Will ACA’s Uncompensated Care Payment Reductions be Made Permanent?

Among the proposals that the budget committee is rumored to be considering to replace a small part of the sequester is an extension of a reduction in Medicaid payments to hospitals that serve a high number of low-income patients to help offset uncompensated care costs. First passed as part of the Affordable Care Act (ACA) through fiscal year 2020 (which not coincidentally goes just through the end of the 10-year budget window used by the Congressional Budget Office used to judge the deficit impact of the bill), these reductions have been extended several times, most recently in the fiscal cliff deal, and are now scheduled to expire after 2022. If the conference committee includes this policy, it should extend the reductions permanently instead of repeatedly using short-term extensions to the end of the current CBO budget window to pay for new short-term spending.
Called Disproportionate Share Hospital (DSH) payments, both Medicare and Medicaid make additional payments to hospitals that treat a disproportionate share of low-income patients. Along with other government programs, these payments are intended to help compensate those hospitals for having more uninsured patients who may not pay their medical bills and more patients on Medicaid, which generally pays lower rates than Medicare and private insurance. Without public assistance, hospitals would get stuck with the bill for this uncompensated care, which reached $57.4 billion in 2008, according to the Urban Institute. In 2012, Medicare paid $12 billion through DSH payments and Medicaid paid $11 billion.
Due to the coverage expansions in the Affordable Care Act, however, projections show that the amount of uncompensated care will drop dramatically. For instance, the RAND Corporation estimated that uncompensated care nationally would decrease by $32 billion in 2016 alone due to the effects of the health care law. Therefore, with fewer payments needed to compensate hospitals, the ACA reduced Medicare DSH payments by $22 billion over 10 years and Medicaid DSH payments by $14 billion.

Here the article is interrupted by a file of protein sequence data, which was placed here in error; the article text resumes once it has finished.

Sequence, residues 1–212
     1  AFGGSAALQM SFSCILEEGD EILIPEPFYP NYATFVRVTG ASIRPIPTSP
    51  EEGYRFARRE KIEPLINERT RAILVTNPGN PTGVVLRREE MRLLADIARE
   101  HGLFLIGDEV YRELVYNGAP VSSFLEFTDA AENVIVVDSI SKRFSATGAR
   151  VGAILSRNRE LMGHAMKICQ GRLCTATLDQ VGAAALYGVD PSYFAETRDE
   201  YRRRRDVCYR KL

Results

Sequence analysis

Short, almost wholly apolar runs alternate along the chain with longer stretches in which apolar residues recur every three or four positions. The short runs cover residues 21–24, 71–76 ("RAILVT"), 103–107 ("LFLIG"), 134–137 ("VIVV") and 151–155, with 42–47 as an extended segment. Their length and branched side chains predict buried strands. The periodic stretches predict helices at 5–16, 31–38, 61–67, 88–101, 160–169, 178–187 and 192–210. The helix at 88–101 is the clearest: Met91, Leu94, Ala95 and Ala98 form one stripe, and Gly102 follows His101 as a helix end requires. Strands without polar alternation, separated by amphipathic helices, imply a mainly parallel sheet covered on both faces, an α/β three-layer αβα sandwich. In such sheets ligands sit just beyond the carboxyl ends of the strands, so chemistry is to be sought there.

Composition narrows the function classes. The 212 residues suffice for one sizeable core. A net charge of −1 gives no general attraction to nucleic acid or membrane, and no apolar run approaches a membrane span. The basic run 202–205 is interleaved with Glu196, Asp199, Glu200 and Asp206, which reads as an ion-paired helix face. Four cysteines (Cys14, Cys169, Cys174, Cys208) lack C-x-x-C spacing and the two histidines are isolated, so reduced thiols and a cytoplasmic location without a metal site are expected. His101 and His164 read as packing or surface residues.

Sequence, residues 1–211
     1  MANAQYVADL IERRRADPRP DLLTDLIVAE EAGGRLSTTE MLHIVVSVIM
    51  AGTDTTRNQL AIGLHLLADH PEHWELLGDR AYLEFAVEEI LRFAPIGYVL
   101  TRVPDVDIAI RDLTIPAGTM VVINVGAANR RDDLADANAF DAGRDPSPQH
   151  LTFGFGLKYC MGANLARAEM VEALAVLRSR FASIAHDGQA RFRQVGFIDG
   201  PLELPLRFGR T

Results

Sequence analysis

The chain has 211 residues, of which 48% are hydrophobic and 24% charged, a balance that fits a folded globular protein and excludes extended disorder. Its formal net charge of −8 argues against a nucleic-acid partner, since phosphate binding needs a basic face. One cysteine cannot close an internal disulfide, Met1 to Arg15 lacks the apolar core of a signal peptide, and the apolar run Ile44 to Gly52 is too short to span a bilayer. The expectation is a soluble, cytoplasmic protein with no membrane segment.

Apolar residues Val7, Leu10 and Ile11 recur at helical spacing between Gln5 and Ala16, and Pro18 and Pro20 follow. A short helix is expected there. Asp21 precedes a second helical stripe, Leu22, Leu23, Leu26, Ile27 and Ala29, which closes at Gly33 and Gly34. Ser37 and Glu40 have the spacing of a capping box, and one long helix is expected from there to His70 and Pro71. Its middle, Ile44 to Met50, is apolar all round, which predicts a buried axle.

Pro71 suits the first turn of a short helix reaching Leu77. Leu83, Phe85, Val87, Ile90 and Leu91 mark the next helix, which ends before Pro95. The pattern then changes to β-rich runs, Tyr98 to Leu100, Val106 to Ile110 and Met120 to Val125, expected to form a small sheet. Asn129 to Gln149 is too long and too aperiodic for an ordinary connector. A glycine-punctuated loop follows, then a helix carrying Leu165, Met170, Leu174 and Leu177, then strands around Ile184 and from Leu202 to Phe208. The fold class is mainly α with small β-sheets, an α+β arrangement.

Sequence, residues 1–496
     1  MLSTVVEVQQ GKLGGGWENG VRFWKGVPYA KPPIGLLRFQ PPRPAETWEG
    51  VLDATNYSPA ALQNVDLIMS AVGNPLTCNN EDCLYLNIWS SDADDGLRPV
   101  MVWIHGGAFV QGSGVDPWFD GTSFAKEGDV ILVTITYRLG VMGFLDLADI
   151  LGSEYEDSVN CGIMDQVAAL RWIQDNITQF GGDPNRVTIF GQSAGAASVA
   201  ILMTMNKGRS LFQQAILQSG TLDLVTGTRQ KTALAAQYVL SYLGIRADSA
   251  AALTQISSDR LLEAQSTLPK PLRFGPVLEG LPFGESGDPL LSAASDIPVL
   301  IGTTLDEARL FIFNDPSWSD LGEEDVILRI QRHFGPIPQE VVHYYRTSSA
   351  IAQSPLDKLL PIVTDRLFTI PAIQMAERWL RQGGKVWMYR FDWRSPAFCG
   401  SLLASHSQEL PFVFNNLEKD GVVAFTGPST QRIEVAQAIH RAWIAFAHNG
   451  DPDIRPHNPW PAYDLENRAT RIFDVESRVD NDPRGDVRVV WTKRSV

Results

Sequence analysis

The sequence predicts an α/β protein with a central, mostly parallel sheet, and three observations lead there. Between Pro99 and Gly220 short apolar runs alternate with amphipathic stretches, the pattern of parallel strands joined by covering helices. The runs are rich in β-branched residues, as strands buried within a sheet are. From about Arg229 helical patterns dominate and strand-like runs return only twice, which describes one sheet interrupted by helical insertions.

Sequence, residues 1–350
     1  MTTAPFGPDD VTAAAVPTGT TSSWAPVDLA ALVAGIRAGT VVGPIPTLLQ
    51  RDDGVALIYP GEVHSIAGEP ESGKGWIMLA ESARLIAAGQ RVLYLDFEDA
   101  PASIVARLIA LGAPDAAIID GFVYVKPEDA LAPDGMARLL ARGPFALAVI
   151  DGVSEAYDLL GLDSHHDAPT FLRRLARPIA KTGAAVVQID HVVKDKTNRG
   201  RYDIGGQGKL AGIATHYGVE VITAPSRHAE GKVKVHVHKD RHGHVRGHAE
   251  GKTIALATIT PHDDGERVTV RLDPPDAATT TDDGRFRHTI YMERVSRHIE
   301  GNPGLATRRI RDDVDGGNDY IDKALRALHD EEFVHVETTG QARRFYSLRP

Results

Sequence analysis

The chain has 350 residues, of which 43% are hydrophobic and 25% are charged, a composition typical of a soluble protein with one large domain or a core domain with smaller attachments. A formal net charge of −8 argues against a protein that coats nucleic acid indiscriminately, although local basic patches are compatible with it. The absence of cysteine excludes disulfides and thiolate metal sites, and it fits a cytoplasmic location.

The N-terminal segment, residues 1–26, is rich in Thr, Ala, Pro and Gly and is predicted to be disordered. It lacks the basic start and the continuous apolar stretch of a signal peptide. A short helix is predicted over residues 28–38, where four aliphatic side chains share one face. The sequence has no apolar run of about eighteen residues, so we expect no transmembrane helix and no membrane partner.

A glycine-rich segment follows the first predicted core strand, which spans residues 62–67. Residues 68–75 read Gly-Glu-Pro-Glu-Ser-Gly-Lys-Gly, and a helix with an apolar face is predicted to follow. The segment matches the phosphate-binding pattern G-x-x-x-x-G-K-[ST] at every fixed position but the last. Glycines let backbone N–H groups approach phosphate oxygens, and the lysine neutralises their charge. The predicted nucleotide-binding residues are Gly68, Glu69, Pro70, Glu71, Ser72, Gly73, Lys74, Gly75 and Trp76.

But while the Medicare payment reductions were made permanent, the Medicaid payment reductions were left to expire after 2020. Policymakers have since extended these reductions whenever they want to claim an extra $4 billion in savings to offset new spending, yet it is unlikely that the payments would ever be allowed to increase to their pre-ACA levels.
Moreover, each 1-year extension has been used to pay for an immediate 1-year "doc fix." While there is a benefit right now to reducing near-term fiscal drag through offsets over 10 years, continuing the practice of offsetting immediate spending with savings literally in the last year of CBO's 10-year window feels close to a gimmick and actually increases our debt by over $1 billion each time due to increased interest costs.
If the budget conference committee is going to include a reduction in DSH payments, the fiscally responsible thing would be for policymakers to permanently extend the reductions. While this policy would only save $4 billion this decade, a permanent extension would produce another roughly $60 billion in deficit reduction over the 2nd decade.
Revenue Impact from Reducing DSH Payments
Policy First Decade

Second Decade

Extend reductions in DSH payments for one year $4 billion $0 billion
Permanently extend reductions in DSH payments $4 billion  ~ $60 billion*

*Estimates for the second decade are CRFB staff calculations, and should be seen as an order of magnitude, rather than a precise estimate.